3. Better understanding ourselves as employees - Embracing digital innovation and adapting to a remote culture has a range of benefits. If employees feel more comfortable and have more flexibility in their work, perhaps their chance of thriving is greater.
  4. Creating better culture - 2020 has been a deconstructive year. It is uncomfortable but presents a chance to recalibrate and rebuild. How we use this experience will propel our culture into 2021.

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Five Principles For Successfully Navigating Through A Crisis

"Beyond digital transformation, my hope is that business leaders will continue to understand the importance of advance planning, leading with humility and perspective, supporting their employees through obstacles, fostering two-way communication, and ultimately empowering their teams to strive towards a common purpose or goal."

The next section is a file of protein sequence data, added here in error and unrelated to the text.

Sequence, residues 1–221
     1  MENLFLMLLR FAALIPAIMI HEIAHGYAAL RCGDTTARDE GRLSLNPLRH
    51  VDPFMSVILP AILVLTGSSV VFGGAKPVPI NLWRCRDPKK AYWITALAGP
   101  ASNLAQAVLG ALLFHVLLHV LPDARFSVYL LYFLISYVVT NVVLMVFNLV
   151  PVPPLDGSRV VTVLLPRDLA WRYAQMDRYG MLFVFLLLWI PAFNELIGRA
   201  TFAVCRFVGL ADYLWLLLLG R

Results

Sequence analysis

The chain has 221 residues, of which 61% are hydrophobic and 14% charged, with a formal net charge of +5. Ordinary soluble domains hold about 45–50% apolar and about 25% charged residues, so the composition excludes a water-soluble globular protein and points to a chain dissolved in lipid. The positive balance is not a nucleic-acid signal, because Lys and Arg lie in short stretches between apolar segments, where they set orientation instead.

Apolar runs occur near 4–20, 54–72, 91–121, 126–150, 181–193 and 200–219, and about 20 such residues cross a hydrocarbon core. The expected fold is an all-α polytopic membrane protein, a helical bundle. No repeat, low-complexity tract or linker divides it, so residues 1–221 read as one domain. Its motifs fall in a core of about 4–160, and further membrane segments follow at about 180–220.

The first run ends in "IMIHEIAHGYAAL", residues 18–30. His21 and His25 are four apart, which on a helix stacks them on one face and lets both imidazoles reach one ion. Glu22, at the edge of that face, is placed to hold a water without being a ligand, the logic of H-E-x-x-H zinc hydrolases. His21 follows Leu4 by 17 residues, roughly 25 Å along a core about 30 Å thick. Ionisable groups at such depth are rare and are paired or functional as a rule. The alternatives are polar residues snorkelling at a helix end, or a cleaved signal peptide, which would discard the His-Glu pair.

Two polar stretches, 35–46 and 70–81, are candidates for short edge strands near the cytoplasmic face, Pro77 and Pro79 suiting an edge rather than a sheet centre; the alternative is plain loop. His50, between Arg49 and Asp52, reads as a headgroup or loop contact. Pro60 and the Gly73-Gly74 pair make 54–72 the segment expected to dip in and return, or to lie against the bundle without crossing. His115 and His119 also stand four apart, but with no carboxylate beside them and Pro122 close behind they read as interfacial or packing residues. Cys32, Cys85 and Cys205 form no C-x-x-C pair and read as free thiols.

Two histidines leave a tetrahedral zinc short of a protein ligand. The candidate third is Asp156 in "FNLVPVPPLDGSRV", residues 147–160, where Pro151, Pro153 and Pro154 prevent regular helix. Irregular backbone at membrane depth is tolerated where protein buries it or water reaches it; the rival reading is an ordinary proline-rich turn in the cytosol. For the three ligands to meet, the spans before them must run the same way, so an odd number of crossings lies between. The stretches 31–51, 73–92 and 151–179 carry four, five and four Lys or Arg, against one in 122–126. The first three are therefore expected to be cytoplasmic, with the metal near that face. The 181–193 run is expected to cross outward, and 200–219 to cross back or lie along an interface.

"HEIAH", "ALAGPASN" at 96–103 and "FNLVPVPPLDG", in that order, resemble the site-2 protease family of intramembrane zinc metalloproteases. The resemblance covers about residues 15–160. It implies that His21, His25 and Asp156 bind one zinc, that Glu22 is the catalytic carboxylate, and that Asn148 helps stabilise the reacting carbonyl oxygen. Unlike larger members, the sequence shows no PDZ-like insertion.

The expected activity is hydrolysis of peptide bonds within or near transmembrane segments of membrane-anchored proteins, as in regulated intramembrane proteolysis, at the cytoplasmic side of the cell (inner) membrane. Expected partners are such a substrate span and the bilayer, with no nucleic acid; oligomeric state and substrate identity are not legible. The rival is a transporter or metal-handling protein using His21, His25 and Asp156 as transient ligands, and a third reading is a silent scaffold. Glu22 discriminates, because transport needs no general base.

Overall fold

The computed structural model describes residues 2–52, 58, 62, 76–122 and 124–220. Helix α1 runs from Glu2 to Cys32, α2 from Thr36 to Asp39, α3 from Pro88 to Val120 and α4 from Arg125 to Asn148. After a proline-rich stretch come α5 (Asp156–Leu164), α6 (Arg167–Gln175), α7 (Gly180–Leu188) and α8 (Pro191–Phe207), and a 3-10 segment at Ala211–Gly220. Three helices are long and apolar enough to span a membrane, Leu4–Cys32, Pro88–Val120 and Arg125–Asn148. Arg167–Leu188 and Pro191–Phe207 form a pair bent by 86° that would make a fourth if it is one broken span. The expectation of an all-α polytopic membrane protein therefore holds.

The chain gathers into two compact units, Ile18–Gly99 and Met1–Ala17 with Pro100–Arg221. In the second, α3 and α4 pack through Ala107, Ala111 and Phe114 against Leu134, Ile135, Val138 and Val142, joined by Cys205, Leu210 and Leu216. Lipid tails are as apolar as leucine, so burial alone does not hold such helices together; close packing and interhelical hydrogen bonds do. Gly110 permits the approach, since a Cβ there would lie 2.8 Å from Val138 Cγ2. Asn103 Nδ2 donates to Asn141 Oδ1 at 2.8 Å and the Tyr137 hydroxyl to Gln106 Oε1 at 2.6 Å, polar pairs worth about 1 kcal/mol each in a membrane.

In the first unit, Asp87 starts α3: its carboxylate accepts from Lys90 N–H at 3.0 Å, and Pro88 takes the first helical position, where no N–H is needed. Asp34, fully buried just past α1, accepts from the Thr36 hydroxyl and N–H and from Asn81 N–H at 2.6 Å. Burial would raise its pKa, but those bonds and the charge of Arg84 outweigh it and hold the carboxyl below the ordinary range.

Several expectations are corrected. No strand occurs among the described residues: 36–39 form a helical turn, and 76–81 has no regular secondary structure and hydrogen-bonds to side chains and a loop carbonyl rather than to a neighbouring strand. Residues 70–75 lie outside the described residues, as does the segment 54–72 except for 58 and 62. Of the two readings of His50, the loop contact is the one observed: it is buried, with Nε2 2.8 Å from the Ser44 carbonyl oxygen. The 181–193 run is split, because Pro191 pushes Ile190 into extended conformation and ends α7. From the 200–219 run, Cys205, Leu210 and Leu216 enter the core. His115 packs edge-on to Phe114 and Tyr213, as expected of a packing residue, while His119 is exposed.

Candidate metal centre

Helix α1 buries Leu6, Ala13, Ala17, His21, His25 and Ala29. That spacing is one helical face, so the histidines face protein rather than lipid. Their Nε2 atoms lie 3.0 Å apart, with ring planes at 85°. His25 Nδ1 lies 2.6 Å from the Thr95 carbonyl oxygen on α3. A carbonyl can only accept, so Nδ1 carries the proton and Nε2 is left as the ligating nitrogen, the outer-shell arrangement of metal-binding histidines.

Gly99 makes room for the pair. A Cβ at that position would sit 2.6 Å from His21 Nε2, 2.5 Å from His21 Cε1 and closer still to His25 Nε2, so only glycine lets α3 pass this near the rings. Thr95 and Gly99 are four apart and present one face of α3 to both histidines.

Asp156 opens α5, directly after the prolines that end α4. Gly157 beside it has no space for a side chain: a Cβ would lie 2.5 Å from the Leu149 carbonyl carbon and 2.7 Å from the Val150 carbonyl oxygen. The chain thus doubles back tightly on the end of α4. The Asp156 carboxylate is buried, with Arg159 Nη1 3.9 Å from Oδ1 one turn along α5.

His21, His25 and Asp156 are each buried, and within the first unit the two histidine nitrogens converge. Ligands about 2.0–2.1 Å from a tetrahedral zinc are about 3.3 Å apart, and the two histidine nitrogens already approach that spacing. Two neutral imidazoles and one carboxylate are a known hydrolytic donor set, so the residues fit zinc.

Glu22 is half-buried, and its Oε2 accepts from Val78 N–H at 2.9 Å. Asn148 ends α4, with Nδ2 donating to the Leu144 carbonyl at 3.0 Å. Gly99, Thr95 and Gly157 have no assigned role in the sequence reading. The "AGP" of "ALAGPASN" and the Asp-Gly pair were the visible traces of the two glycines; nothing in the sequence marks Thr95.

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A Reckoning for Companies and Global Leaders Alike

"No matter where you work, the impacts of COVID-19 and intensifying calls for social equality and justice have created new expectations of global corporations and international business leaders.

This reckoning in public health, political, social and economic terms will require global business leaders to see the world around them more differently than ever before. Therefore, it is time to really think about how we reset policies and practices to support equality and fairness."